Honeyflow.com | FAQ's | Community |

Elastic Bands, String or Chicken Wire?


#1

Hi folks, I recently cut out a couple of hives to put in nucs and help out some people who didn’t want feral bees living around their houses.
The first one I was caught on the hop and we secured the comb in the frames inside the nuc with string, (not very secure!!!)
The second one I had a bit of time to prepare and made up some frames with chicken wire to support the comb and allow me to fill the frame with brood and honey like a jigsaw puzzle. (much more secure)
My question is, will the chicken wire be ok to leave in the hive long term or should I do the old newspaper combine with a QX and then remove the wire frames and keep them for the next cut out?
Cheers
Lurch13


Beehive relocation
#2

Hi Chris, I use green garden tie, however frames of brood like that are only a temporary measure for me. Once the colony gets established on good frames, I cycle those uneven frames out by placing them above the QX to let the brood emerge, then the bees fill them with honey.

Something I learned recently is that you don’t have to maintain to original orientation. You can put the comb on any orientation that fits. You can even place it horizontal, as I did the other day.


#3

That’s interesting Jeff. The cut out I did when I used the chicken wire was in a Telstra Box in the ground so the comb I cut out was integrated through all of the cables and I had to cut it out piecemeal rather than in sheets of solid comb. It went into the chickenwire covered frames like a jigsaw puzzle so good to know that the original orientation isn’t critical.
Just curious as to whether the bees are adverse to the galvanised wire if anyone has any knowledge of this.


#4

I did a cut out the other day and I used rubber bands. It worked very well. One trick I just recently picked up was using extra bands to hold comb right up to the top bar of the frame- this is very handy when the combs are not large enough to fill the entire frame. I like rubber bands because they fall off or are chewed off by the bees naturally. I learned the trick from this video-you will see how an expert does it (around 1:33 mark):

I wore gloves- which made it harder. But it went well- and the combs ended up being very good- the bees attached them quickly and filled out the remainder of the frames.


#5

I don’t think the bees are adverse to galvanizing because a lot of wire QX’s are galvanized. Personally, I’m happy to discard the trap-out brood in favor of brood from one of my colonies. Especially if it’s like a jigsaw as you describe.


#6

In Australia there are two metal QX’s available, the more expensive stainless steel and the galvanized wire ones The Gal doesn’t have the shine of stainless wire but the bees will pass through it with no problems, Quality wise they are both well made and I would use either.
Cheers


#7

Thanks Semaphore. Yikes!!! no gloves and in a T shirt!!!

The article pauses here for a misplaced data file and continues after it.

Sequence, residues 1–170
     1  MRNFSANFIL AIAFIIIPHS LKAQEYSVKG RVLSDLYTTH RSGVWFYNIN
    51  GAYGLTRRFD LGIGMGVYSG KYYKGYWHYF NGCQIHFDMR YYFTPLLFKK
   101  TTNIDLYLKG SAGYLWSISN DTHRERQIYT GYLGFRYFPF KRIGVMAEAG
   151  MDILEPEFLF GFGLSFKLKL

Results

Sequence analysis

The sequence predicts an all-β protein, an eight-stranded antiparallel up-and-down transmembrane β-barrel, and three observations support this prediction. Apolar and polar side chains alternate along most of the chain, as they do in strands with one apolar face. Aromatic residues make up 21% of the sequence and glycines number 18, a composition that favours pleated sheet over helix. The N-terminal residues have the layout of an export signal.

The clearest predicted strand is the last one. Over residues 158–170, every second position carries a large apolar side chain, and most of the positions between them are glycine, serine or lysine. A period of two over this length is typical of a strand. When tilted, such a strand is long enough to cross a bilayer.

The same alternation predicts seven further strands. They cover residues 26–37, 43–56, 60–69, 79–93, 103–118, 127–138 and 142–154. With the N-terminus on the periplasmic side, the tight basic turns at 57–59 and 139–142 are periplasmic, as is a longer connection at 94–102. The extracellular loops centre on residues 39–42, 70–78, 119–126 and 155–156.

The comb coming out of this cutout was certainly more workable than my effort, having to cut out smaller pieces from around cables, but it’s a great video. Cheers.


#8

yeah- I only noticed you said that after I posted. In one of that guy’s videos he uses ideal frames for a hive that was in a shallow cavity- and they may work well for more odd shaped/smaller pieces. I just used the rubber band trick again two days ago- the trick with the bands that go over the lugs- to hold a piece of up to the top bar is gold. I am amazed at how that beekeeper does it all with no gloves and no veil- and how often he manages to find the queen in those big hives. Rubber banding with gloves on is really difficult.

I also went back into my cut out hive and removed the rubber bands- the bees have built the combs out very well- they are pretty much like any other comb.


#9

Nice…
I’ve combined the hive in the chicken wire frames with another hive to boost numbers using the newspaper combine and now removed the chicken wire frames and the top box so the hive can consolidate. Hopefully will be strong enough to move to it’s new home on a mates farm in the next week or so.
Thanks for sharing your knowledge.


#10

Hi Jack, I heard on the ABC that that cut-out took him 12 hrs. 12 hours is plenty of time to find the queen. I must be more brutal because I take 3 hours in a bee suit. I normally can’t wait to get out of it. I can’t do an overhead cut-out without getting covered in honey.


#11

all true- when I heard 12 hours- I was thinking: how much to charge? For such expert work. The much smaller one I did last month took me maybe 2 hours. 12 hours may be enough time to find the queen- but using a bee vac: swoosh- and she in the vac. I’ve watched a number of his videos and every one he snags the queen in a cage. I’m too preoccupied with everything else to even look. I used my bee vac and I think I vacuumed up the queen. She appears largely unharmed as laid immediately afterwards. That cut out didn’t miss a beat.


#12

That’s good news, re your cut-out Jack. I don’t have a bee vac. The last cut-out I did was around 12 months ago for the people I mentioned wanted to save the bees for their fake flow hive. The one with the bamboo QX.

I attached some of their brood to empty frames. Then blocked their entrance so that the bees returning would mass on the brood that I placed next to the old entrance. All the bees inside exited the room via the open window. That worked out well. I did another one similar to that up at Noosaville around the same time. They both took around 3 hours.

Once the frames outside have a good covering of bees, I place them in a brood box & leave the lid partly open.